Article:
The Human Dimension

The practice of medicine is an extraordinary profession. The thrill of interviewing and examining your first patient should always stay in your mind. Clinicians must remember that even during the most trying times, they have been granted the enormous responsibility of caring for a patient. Common courtesy, kindness, respect, and attentiveness to the patient go a long way in establishing the so-called bedside manner, which has become less evident in the past few decades. Imagine yourself in the patient's situation. How would you like to be treated? Each student in medical school has the potential to develop into a devoted and compassionate clinician.

Always strive for precision and accuracy. Be strict in your approach to the history and physical examination. Always follow the same basic routines. Do not take shortcuts. It takes time to develop the skills of inspection, palpation, percussion, and auscultation. Only with experience can the clinician master physical diagnosis. This textbook is only the introduction to a lifetime of learning about patients and their problems and diseases. As students, you will learn much from your patients. Even seasoned diagnosticians learn daily from their patients. Just as no two individuals have the same face or body appearance, no two individuals will react the same way to the same disease. This is one of the most exciting things about medicine: Every day offers new patients, new problems, new solutions.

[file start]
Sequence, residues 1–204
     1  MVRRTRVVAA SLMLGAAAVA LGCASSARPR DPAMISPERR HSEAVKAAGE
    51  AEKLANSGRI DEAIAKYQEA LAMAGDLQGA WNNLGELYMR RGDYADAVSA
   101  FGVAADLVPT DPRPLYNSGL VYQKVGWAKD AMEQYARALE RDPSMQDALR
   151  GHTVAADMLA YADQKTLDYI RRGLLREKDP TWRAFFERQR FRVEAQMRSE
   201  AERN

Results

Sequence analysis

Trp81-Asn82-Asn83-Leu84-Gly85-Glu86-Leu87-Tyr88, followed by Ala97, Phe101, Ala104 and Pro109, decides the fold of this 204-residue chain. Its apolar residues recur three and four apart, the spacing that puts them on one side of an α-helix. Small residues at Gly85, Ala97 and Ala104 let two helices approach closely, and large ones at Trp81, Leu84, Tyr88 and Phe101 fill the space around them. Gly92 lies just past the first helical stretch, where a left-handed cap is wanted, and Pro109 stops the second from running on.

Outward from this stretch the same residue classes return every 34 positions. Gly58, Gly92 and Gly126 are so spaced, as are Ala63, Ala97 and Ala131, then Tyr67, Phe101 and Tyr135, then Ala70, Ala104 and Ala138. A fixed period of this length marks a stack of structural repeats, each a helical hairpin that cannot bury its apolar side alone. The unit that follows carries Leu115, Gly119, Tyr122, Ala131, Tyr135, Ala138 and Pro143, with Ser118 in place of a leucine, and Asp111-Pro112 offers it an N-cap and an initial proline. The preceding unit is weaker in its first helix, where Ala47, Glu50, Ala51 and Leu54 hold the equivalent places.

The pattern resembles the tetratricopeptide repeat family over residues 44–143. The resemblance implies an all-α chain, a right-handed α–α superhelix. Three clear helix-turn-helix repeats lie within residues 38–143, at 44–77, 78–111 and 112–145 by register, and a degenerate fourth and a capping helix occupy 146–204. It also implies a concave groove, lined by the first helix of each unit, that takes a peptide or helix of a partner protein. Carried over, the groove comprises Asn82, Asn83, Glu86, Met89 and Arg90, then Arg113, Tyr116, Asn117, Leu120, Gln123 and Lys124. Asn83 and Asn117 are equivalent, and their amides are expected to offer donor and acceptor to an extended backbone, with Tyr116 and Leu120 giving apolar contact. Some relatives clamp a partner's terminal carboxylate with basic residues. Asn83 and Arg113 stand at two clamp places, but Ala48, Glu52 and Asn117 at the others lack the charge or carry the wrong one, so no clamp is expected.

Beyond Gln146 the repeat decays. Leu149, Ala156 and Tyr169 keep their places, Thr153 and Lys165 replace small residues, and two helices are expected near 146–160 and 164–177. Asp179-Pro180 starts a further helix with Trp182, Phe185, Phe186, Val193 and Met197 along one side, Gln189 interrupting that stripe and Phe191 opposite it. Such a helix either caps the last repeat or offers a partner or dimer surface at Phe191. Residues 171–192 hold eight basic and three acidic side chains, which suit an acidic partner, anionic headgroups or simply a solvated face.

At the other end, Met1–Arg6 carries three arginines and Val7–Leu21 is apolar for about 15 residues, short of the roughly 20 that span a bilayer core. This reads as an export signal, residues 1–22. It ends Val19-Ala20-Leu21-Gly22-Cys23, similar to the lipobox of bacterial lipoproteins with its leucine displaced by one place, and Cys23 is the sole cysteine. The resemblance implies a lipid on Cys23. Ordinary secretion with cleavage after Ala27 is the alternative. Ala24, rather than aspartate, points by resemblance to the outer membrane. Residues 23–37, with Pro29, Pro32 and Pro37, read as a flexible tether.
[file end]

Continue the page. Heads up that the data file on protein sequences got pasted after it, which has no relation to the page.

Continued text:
Bibliography

Cameron S, Turtle-Song I: Learning to write case notes using the SOAP format. J Couns Dev 80:286, 2002. Weed LL: Medical records that guide and teach. N Engl J Med 278:593, 1968.

Weed LJ: The problem oriented record as a basic tool in medical education, patient care, and research. Ann Clin Res 3:131, 1971.

Herbal Remedies For Acid Reflux

Herbal Remedies For Acid Reflux

Gastroesophageal reflux disease is the medical term for what we know as acid reflux. Acid reflux occurs when the stomach releases its liquid back into the esophagus, causing inflammation and damage to the esophageal lining. The regurgitated acid most often consists of a few compoundsbr acid, bile, and pepsin.

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